Speed cameras have dipped below the surface of the news cycle, yet the programs often remain a nuisance. New Orleans resident Donald Schultz provides the latest example of municipal malfeasance: A speed camera has issued at least ten speeding citations since 2011 to the Nissan Frontier that Schultz parks in front of his house. A car doing more than the posted 35-mph limit triggers the camera, located in the median of Canal Boulevard, but the camera reads the stationary Frontier's license plate i
Increasing fines, ticket cameras, and the deck stacked against drivers to fight tickets.
A trucker on a steep downhill grade along I-5 in California lost control of his rig and wound up stuck in a runaway truck ramp.
In the same week a federal jury convicted a Chicago transportation official of taking bribes from a leading red-light camera company, city council members in another American city said they felt duped by promises of improved safety.
A new survey shows Americans support police using red-light cameras in traffic enforcement. They're not as enthusiastic about speed-camera use.
After less than two years on the job, the chief executive officer of a leading traffic-enforcement equipment manufacturer is resigning amidst a time of financial turmoil.
A US Congressman has introduced legislation that, if passed, would prohibit the use of automated cameras in traffic enforcement across the country.
Automated traffic enforcement cameras are falling out of favor across America. A Long Island anti-camera group was the latest to protest Sunday.
On election night, Jason Sonenshein merely hoped an anti-traffic camera ballot initiative for which he had campaigned would squeak out a win.
There's ongoing debate over the need for traffic cameras that aim to catch red-light runners and speeding motorists. Law enforcement officials say they promote safer driving. Critics say they're nothing more than a money grab.
Over the past three years, the number of speed camera programs has grown from 115 to 140.
A toucan followed its nose up to a traffic camera mounted high above a highway in Sāo Paulo, Brazil, setting off an cute scene involving the tropical bird making an appearance on the camera's feed. Alas, it seems unlikely that he discovered any delicious breakfast cereals during his investigation.
The debate over automatic cameras for speed and red light enforcement is already fairly intense, but a secret audit from 2012 of the traffic cameras in Baltimore, MD should heat things up a bit. In an audit of the city's 83 speed cameras, The Baltimore Sun is reporting that 13 had a double digit error rate, which helps account for a system-wide error rate of 10 percent. Of course, the secret part of this secret audit was that the findings were never released to the public.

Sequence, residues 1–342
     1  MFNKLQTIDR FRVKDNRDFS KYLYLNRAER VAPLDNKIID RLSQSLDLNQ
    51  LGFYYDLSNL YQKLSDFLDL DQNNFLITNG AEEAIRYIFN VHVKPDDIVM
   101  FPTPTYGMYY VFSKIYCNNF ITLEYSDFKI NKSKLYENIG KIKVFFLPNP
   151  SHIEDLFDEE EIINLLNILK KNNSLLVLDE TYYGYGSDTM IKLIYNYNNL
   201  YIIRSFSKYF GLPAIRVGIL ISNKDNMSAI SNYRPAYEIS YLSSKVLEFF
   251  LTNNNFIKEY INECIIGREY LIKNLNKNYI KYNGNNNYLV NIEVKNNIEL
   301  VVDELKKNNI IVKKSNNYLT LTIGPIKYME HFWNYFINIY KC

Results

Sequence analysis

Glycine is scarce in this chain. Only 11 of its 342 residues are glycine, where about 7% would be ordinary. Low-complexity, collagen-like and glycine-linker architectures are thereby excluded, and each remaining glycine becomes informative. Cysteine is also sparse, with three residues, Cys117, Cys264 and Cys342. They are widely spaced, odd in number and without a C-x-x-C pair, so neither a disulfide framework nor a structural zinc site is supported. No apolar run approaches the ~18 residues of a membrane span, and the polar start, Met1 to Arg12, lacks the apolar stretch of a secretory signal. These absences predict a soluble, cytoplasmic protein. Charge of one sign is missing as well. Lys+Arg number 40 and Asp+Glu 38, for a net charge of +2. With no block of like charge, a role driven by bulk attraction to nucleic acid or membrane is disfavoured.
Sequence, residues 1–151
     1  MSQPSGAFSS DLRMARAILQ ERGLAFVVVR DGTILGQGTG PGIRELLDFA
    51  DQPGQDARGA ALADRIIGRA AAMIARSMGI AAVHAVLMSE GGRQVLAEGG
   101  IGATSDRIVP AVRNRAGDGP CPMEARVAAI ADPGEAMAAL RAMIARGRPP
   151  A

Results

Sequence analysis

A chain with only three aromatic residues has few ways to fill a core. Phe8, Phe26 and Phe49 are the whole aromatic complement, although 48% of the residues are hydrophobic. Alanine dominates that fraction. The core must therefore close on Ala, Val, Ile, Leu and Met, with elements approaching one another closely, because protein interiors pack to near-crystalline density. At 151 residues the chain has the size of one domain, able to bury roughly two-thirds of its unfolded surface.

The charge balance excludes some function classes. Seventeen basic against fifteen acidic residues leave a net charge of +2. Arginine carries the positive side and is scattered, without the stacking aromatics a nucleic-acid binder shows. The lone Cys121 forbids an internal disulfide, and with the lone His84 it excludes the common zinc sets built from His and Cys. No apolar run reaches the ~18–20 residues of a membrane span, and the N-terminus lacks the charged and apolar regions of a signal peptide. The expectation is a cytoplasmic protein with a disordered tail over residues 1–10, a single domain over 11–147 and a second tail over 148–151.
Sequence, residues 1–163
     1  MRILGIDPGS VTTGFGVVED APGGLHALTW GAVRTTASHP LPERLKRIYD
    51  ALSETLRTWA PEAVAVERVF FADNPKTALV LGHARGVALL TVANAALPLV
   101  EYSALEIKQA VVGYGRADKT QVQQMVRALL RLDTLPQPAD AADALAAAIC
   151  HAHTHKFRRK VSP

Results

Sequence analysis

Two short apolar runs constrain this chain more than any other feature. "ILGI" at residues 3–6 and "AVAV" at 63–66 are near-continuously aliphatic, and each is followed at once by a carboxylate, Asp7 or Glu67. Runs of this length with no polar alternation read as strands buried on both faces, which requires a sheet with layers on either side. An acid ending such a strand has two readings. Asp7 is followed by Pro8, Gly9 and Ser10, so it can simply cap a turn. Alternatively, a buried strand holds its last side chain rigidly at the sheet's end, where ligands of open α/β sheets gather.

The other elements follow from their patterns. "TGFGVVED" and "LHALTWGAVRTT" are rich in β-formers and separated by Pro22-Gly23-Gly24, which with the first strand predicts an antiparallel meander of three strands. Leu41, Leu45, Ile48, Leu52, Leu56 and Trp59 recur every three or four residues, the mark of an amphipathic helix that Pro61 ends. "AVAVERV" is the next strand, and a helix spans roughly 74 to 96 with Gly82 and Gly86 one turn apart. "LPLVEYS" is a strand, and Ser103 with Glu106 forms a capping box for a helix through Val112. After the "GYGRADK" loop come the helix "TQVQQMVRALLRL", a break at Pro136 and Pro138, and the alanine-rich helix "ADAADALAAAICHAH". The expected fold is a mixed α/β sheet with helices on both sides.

The Insurance Institute for Highway Safety (IIHS) released a study this week that seems to go against what critics and the media have been reporting for years. According to the report, some people – more specifically, a large majority of the residents in Washington D.C. – actually like red light and speed cameras.
We can't say for certain, but we imagine that "don't run down pedestrians" is somewhere near the top of every police officer's daily to-do list. One patrolman in Orlando seems to have missed that memo.
A lot of companies are making (or at least trying to make) money these days selling devices that improve drivers' odds of beating traffic cameras. As it turns out, though, having a Florida license plate on the back of your car could be the best defense against paying traffic fines like red light camera tickets and toll violations. According to new reports, some Florida plates are proving hard for traffic law enforcement cameras to read. With as many specialty license plates as the Florida Depart
Inventor Jonathan Dandrow's idea began when he first noticed that some cameras can pickup the infrared light from a television remote. It's a piece of useless information at first.
Say this about the residents of Prince George's County, Maryland: they really don't like speed cameras. According to the Washington Post, disgruntled citizens have shot at a camera with a gun, set one on fire and even, allegedly, fired glass marbles in a speed camera's direction.
What you see above is a video of a Santa Fe man who's had it up to here and is not going to take it anymore. The New Mexico city has a deal with Redflex to operate unmanned speed enforcement vehicles which are parked along the road to photograph breakneck miscreants.
There has been plenty of debate about whether bicyclists should be able to take up a lane typically reserved for motor vehicles. While that argument is far from settled, we can all agree that hit-and-run accidents between cars and bikes have got to stop.